Hurricanes on the Horizon

I chose to live in a tiny floating home to be able to travel to beautiful tropical islands, Where The Coconuts Grow. Just as other parts of the world face natural disasters like tornados and earthquakes, the part of the world I live in faces volcanoes and hurricanes.

Just last month I was checking for an update on the underwater volcano, Kick ‘Em Jenny which happens to sit in the most preferred navigational route when sailing from Carriacou to Grenada. I knew we’d be sailing right for her and I knew there had been some recent news about this area.

Kick ’em Jenny is the only ‘live’ submarine volcano in the Eastern Caribbean and a modern day example of how all the volcanic islands in the Lesser Antilles were created. She’s been unusually active lately and at one point last month, the Seismic Research Center bumped up the alert level to Orange meaning eruption may begin with less than 24 hours notice. It’s since been reduced back to Yellow but things change quickly when you’re dealing with Mother Nature.

You might think that just because it’s underwater it’s safe, but boats only float on liquid – not gas bubbles! A precautionary 5 km exclusion zone is currently advised for all vessels.

Between the months of June and November, the Atlantic Hurricane Season is in effect. This year is predicted to be much quieter than the Pacific side, but August and September are the most active.

My boyfriend and I are spending our second Hurricane Season on the boat in Grenada, just South of where most hurricanes statistically travel. A very interesting app on the NOAA website gives you an interactive look at the history of all recorded hurricane tracks.

Grenada is not always safe, but the chances of a Hurricane coming here are much less than they are anywhere else in the Eastern Caribbean.

Over the past week, we’ve been watching a particular tropical wave that came off of the coast of Africa slowly build and turn into what is now Hurricane Danny. He’s on track to pass through the Eastern Caribbean within a few days. At one time he was forecasted to be a Cat 3, but the models have drastically reduced the forecasted strength.

While I feel very relieved that Danny will not be affecting Grenada, I have many friends in the Virgin Islands that are preparing their tiny floating homes for what could be a direct hit.

During this time of year, we all check various weather sites several times a day to see if there are any new disturbances that have a chance of cyclone formation.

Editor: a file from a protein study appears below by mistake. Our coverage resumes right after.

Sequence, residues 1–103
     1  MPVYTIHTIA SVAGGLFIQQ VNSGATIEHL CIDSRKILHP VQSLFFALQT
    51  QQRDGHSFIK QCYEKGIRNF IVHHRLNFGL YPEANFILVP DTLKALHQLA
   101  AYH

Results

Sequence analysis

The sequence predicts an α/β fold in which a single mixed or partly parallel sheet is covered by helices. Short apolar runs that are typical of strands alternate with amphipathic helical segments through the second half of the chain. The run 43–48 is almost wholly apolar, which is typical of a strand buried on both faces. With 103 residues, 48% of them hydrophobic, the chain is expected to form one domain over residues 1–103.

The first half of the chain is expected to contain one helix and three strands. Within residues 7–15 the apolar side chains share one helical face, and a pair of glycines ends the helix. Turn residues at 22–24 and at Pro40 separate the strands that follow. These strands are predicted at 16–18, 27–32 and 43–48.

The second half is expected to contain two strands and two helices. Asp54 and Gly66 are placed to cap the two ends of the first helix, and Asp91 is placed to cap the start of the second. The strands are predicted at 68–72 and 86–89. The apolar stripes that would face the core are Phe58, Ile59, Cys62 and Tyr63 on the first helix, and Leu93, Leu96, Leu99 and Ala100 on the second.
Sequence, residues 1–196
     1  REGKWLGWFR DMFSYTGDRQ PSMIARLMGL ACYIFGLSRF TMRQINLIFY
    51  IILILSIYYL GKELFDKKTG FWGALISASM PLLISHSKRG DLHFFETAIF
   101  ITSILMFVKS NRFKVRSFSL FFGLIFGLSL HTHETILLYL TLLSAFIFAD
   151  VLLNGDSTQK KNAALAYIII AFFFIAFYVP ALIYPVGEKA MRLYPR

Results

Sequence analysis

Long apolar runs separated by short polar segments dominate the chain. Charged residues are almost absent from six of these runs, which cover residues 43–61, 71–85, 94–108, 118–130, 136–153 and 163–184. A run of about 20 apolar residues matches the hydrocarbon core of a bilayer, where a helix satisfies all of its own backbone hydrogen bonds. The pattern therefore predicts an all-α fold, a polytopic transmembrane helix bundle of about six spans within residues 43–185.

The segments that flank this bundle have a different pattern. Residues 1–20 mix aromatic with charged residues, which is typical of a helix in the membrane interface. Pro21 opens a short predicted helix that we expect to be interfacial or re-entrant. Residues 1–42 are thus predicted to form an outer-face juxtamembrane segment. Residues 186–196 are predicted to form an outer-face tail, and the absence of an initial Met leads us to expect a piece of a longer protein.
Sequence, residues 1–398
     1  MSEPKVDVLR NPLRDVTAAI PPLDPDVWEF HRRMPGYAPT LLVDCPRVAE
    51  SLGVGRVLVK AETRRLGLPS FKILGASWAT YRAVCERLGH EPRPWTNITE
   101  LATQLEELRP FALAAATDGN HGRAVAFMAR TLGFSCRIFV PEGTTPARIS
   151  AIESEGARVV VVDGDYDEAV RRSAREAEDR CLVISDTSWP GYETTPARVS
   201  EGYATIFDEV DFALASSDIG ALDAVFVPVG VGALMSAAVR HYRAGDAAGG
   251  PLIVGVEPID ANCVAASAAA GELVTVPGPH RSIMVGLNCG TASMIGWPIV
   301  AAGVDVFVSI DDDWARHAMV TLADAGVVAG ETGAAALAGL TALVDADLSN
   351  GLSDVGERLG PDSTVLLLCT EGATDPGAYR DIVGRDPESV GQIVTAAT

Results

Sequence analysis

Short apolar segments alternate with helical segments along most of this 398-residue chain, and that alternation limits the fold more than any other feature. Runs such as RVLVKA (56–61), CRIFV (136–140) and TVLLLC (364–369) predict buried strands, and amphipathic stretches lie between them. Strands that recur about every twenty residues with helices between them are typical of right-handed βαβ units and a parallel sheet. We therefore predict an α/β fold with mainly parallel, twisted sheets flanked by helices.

As you can see, there are two new disturbances that we will be watching very closely. In the event that these move toward Grenada, we’ll be preparing our boat for the worst.

If you’re curious what this actually entails, take a peek over at two great resources here and here.

Though there are dozens out there, my personal favorite weather sites are the following:

  • National Hurricane Center – Tropical weather advisories from NOAA/National Weather Service
  • Mike’s Weather Page – Up to date tropical computer models, graphics, links and storm discussions at
  • Current Storm Info – Global Tropical Cyclone and Disturbance Info from Tropical Tidbits, including predicted intensity graphics
  • StormCarib Satellite Images – Particularly helpful to see the tropical waves and Saharan dust coming off Africa towards the Caribbean Islands
  • WunderMap – Interactive Weather Map and Radar from Weather Underground, with radar images for the Caribbean Islands
  • Weather Underground – Weather Forecasts and Reports
  • Windfinder – Wind and Waves
  • WindGuru – Wind and Waves

There is a lot that goes into making sure my family and my home are safe. With hurricanes on the horizon, this time of year keeps us on our toes and always preparing for what may come.

What precautions do you take to keep your home safe?

By Jody Pountain for the [Tiny House Blog]

2 thoughts on “Hurricanes on the Horizon”

  1. Here in Taiwan, we just had our second typhoon in three weekends. The first one was Soudelor which was category 4 or 5 (depending on who is talking) and caused massive damage, though few deaths.

    Luckily this second one, Goni, weakened and only brought rain, something that is sorely needed after the 2014 typhoon season which had ZERO typhoons compared to the usual six to ten. Some major reserviors got as low as 19% capacity before we started getting deluged from May until now.

    But you can be sure there will be more than a few clowns out there saying, “Nope, climate change doesn’t exist!”


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